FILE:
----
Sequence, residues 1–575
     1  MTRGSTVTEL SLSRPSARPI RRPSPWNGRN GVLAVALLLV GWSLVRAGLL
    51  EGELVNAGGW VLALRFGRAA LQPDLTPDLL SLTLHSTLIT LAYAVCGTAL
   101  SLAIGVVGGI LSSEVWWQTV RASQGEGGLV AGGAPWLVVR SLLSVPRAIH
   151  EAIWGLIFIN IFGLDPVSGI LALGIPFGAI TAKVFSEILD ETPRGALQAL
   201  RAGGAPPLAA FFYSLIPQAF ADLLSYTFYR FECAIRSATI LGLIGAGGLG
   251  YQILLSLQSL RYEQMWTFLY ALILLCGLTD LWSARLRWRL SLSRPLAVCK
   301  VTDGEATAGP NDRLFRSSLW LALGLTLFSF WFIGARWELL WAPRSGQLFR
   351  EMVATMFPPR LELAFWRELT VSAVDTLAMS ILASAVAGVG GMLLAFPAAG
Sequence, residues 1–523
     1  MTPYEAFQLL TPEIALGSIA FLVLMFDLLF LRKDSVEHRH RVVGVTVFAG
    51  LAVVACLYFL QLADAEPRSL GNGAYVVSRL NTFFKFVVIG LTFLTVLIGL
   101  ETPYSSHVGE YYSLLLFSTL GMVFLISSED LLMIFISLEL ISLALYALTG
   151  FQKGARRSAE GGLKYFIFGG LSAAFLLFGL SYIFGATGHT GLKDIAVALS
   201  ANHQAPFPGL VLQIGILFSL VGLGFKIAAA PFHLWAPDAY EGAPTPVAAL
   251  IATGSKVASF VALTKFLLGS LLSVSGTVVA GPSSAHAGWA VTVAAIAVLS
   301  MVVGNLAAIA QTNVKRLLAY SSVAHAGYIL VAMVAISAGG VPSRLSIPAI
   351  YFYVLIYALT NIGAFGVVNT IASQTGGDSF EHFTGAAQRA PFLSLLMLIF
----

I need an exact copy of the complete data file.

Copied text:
Sequence, residues 1–575
     1  MTRGSTVTEL SLSRPSARPI RRPSPWNGRN GVLAVALLLV GWSLVRAGLL
    51  EGELVNAGGW VLALRFGRAA LQPDLTPDLL SLTLHSTLIT LAYAVCGTAL
   101  SLAIGVVGGI LSSEVWWQTV RASQGEGGLV AGGAPWLVVR SLLSVPRAIH
   151  EAIWGLIFIN IFGLDPVSGI LALGIPFGAI TAKVFSEILD ETPRGALQAL
   201  RAGGAPPLAA FFYSLIPQAF ADLLSYTFYR FECAIRSATI LGLIGAGGLG
   251  YQILLSLQSL RYEQMWTFLY ALILLCGLTD LWSARLRWRL SLSRPLAVCK
   301  VTDGEATAGP NDRLFRSSLW LALGLTLFSF WFIGARWELL WAPRSGQLFR
   351  EMVATMFPPR LELAFWRELT VSAVDTLAMS ILASAVAGVG GMLLAFPAAG
Sequence, residues 1–523
     1  MTPYEAFQLL TPEIALGSIA FLVLMFDLLF LRKDSVEHRH RVVGVTVFAG
    51  LAVVACLYFL QLADAEPRSL GNGAYVVSRL NTFFKFVVIG LTFLTVLIGL
   101  ETPYSSHVGE YYSLLLFSTL GMVFLISSED LLMIFISLEL ISLALYALTG
   151  FQKGARRSAE GGLKYFIFGG LSAAFLLFGL SYIFGATGHT GLKDIAVALS
   201  ANHQAPFPGL VLQIGILFSL VGLGFKIAAA PFHLWAPDAY EGAPTPVAAL
   251  IATGSKVASF VALTKFLLGS LLSVSGTVVA GPSSAHAGWA VTVAAIAVLS
   301  MVVGNLAAIA QTNVKRLLAY SSVAHAGYIL VAMVAISAGG VPSRLSIPAI
   351  YFYVLIYALT NIGAFGVVNT IASQTGGDSF EHFTGAAQRA PFLSLLMLIF